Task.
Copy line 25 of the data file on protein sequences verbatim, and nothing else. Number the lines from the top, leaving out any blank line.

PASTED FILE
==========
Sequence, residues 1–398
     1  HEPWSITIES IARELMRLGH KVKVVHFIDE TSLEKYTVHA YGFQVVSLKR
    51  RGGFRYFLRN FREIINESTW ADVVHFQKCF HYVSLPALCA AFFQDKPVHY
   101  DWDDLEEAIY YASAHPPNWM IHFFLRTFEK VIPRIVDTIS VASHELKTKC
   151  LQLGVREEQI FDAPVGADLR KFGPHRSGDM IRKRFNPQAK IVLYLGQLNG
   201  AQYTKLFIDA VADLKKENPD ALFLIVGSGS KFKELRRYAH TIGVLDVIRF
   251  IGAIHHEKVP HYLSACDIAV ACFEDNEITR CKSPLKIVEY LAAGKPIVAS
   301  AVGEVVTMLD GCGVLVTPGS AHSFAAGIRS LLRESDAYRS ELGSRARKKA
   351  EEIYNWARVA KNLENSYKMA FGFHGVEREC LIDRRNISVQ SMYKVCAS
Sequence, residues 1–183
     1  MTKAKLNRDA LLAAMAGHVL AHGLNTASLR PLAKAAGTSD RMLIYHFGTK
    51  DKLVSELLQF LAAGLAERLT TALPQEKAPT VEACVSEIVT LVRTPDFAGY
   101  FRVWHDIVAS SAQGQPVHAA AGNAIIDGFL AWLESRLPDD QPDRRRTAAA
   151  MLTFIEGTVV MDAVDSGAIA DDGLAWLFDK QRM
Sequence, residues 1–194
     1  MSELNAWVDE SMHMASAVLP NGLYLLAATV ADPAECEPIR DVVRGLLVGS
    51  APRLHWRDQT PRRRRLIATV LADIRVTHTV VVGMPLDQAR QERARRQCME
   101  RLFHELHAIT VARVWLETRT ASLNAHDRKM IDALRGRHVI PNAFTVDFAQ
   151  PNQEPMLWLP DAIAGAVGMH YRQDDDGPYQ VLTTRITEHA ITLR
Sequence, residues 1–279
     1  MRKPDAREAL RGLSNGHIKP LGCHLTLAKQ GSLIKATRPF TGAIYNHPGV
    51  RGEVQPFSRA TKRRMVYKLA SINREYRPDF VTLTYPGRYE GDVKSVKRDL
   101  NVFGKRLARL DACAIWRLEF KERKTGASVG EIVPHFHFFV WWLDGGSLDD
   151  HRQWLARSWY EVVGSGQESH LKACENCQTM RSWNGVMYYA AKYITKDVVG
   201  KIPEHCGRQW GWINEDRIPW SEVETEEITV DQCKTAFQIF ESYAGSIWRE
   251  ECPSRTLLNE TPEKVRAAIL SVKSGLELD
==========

   201  KIPEHCGRQW GWINEDRIPW SEVETEEITV DQCKTAFQIF ESYAGSIWRE